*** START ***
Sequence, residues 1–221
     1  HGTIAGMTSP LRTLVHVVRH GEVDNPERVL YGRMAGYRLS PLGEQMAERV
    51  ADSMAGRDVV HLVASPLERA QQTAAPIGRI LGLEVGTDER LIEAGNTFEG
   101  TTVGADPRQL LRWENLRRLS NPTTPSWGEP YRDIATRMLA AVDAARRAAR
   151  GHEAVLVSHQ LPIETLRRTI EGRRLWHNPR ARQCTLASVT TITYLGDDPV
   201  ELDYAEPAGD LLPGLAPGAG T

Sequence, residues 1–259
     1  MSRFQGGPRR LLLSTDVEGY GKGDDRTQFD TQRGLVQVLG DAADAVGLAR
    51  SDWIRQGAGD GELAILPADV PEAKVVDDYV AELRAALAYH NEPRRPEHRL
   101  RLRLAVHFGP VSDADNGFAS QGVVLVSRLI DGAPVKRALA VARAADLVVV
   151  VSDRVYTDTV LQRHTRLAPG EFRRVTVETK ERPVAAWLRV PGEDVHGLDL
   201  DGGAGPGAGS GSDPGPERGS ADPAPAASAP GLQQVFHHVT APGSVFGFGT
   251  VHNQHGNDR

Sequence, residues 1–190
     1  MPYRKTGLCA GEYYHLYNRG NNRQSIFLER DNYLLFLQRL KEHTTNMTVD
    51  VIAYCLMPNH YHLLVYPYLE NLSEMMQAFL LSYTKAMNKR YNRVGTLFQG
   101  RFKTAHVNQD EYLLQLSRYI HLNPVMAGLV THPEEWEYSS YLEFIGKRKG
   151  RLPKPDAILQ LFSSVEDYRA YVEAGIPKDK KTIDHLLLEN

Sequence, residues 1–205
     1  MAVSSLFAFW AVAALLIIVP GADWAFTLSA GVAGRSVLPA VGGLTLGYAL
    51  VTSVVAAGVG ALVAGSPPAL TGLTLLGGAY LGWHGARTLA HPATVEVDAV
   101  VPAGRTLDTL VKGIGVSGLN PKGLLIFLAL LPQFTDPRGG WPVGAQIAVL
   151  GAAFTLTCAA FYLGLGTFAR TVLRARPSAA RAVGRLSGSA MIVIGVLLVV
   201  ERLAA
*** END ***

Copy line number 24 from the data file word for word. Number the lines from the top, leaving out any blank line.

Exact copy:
   201  ERLAA